Risk Management: How to Put Theory into Practice. That's the title of a panel discussion I'm moderating Wednesday morning, Feb. 27, at the RSA security conference in San Francisco.
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What do I mean by theory? Theory, in this case, represents guidance and standards, such as the National Institute of Standards and Technology Special Publication 800-30: Guide for Conducting Risk Assessments, and SP 800-37: Guide for Applying the Risk Management Framework to Federal Information Systems.
I'm sure my friends at NIST can make a persuasive argument that their guidance goes beyond theory and represents practical advice to minimize risk. But when I talk to IT security practitioners - most of whom praise the work NIST performs, including its guidance - they admit that they struggle at times with the detailed information found in the special publications and other guides produced by the Commerce Department institute.
The purpose of our panel is to bring together the "theorist" with the practitioners to discuss and identify ways to implement the information risk management framework in a straightforward way.
The "theorist" on our panel is NIST's top information risk guru, Ron Ross, the key author of a number of NIST special publications focused on information risk management. Ross leads the institute's FISMA Implementation Project, playing a key role in setting cybersecurity requirements for federal agencies. Ross, a NIST fellow, heads a joint task force to develop a unified security framework for defense, civilian and intelligence agencies in the U.S. federal government.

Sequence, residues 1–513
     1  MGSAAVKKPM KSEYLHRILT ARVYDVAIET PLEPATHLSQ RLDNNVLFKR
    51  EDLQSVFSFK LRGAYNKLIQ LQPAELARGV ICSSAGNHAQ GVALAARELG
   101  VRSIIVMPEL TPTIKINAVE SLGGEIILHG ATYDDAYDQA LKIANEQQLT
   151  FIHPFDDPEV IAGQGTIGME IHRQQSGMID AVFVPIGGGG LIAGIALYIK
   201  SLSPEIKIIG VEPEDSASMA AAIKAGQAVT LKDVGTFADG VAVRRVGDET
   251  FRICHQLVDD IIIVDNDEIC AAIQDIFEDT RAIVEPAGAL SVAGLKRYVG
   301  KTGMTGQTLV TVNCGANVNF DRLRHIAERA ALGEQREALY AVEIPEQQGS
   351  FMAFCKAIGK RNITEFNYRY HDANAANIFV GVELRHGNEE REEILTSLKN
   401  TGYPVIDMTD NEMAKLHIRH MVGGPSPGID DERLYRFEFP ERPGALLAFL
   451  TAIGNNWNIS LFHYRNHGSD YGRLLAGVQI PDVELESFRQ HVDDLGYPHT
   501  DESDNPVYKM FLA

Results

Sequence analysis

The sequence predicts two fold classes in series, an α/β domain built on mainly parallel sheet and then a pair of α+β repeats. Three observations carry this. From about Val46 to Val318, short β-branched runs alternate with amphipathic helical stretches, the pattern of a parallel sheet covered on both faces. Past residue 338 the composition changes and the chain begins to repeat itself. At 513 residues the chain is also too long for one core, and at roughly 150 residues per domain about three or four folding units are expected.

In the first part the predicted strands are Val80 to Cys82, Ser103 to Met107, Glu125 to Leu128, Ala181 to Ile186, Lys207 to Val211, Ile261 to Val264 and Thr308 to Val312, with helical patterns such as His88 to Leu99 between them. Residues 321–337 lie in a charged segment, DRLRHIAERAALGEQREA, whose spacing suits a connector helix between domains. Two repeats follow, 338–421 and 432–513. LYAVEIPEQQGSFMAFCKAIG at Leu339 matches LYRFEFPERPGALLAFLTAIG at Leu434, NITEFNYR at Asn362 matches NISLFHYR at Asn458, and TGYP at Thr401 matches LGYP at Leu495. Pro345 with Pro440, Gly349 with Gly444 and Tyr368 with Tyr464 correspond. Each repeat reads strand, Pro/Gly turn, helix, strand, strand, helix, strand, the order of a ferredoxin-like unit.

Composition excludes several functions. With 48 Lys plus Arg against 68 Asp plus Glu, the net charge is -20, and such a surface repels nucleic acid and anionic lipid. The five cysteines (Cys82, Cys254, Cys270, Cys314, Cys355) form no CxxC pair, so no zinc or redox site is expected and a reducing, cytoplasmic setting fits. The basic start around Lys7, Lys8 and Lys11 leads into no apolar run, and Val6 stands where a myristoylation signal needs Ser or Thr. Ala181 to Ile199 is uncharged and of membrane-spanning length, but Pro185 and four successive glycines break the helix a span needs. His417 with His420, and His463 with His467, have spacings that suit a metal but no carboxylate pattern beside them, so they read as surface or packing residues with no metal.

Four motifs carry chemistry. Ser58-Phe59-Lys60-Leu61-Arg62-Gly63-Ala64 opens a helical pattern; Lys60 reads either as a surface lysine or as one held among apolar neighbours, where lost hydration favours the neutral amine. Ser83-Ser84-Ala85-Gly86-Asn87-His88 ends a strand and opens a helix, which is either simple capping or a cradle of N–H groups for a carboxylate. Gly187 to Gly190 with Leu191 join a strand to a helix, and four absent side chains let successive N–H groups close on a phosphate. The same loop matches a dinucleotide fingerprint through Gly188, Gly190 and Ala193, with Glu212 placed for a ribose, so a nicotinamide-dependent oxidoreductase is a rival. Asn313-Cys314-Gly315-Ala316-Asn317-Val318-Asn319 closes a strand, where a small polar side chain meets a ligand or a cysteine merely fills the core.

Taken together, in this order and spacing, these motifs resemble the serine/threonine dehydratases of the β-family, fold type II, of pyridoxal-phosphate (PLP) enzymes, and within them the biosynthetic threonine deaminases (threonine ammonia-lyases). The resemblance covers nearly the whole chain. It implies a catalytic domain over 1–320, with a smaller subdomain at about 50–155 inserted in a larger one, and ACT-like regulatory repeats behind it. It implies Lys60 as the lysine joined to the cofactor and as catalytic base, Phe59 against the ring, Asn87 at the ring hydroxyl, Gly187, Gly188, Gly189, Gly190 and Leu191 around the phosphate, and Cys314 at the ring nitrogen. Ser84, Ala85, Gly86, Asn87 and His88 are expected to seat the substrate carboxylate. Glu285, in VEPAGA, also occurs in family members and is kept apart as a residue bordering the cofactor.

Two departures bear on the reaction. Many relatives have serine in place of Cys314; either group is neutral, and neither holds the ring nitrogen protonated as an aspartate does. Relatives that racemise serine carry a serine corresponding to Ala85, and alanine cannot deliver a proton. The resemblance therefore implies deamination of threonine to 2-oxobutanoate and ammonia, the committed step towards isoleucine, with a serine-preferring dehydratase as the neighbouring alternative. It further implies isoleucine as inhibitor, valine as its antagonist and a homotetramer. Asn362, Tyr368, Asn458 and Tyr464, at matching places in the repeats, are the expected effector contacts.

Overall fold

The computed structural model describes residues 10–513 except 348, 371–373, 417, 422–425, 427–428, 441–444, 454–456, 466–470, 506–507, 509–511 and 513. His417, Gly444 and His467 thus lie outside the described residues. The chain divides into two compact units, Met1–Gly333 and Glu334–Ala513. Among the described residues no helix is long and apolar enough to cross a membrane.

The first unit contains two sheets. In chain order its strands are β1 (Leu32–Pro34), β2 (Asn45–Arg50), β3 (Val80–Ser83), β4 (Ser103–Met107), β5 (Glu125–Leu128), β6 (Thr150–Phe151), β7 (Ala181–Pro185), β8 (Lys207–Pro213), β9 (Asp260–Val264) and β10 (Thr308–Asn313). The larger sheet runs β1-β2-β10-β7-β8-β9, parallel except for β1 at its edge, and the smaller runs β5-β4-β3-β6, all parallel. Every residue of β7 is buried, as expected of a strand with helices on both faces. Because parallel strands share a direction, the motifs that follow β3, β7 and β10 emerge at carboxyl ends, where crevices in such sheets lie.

The practitioners on the panel are John Streufert, director of federal network resilience at the Department of Homeland Security, and Justin Somaini, onetime chief information security officer at security provider Symantec and web portal Yahoo.
Streufert earned the reputation as one of the federal government's top CISOs when he developed a risk scoring program as deputy chief information officer at the State Department.
Somaini, at Symantec, implemented its first information security enterprise risk management process. At Yahoo, he drove the first relationship between corporate business goals and security initiatives, a vital component of risk management.
Preparing for the panel discussion, the three IT security and information risk management experts identified topics that we intend to discuss in detail at RSA:
- Providing leadership for information risk framework implementation.
- Assessing risk in a volatile environment.
- Mitigating conflicting approaches.
- Defining roles of the CISO and other executives and managers in deploying the framework.
- Keeping stakeholders informed about the progress of the initiative.
- Determining how corporate or agency culture affects risk.
- Deciding how to execute an information risk management framework when resources are lacking.
If you're attending the RSA conference, please join us from 9:20 to 10:20 a.m. PST Wednesday in Room 133 in the Moscone Center. I promise you a riveting discussion.
On more thing, my Information Security Media Group colleague Tracy Kitten will moderate an RSA panel discussion on banking fraud. Her panel will address the question: When a business banking account is breached, who is liable - the customer whose credentials were stolen or the bank that failed to catch the transaction?
Panelists will debate also address impact of recent court rulings. Panel members include fraud victim Mark Patterson of PATCO Construction; attorney Joseph Burton, Financial Services Information Sharing and Analysis Center President Bill Nelson and fraud expert George Tubin.
Tracy's panel meets from 9:20 to 10:20 a.m. PST Thursday in the Moscone Center's Room 302.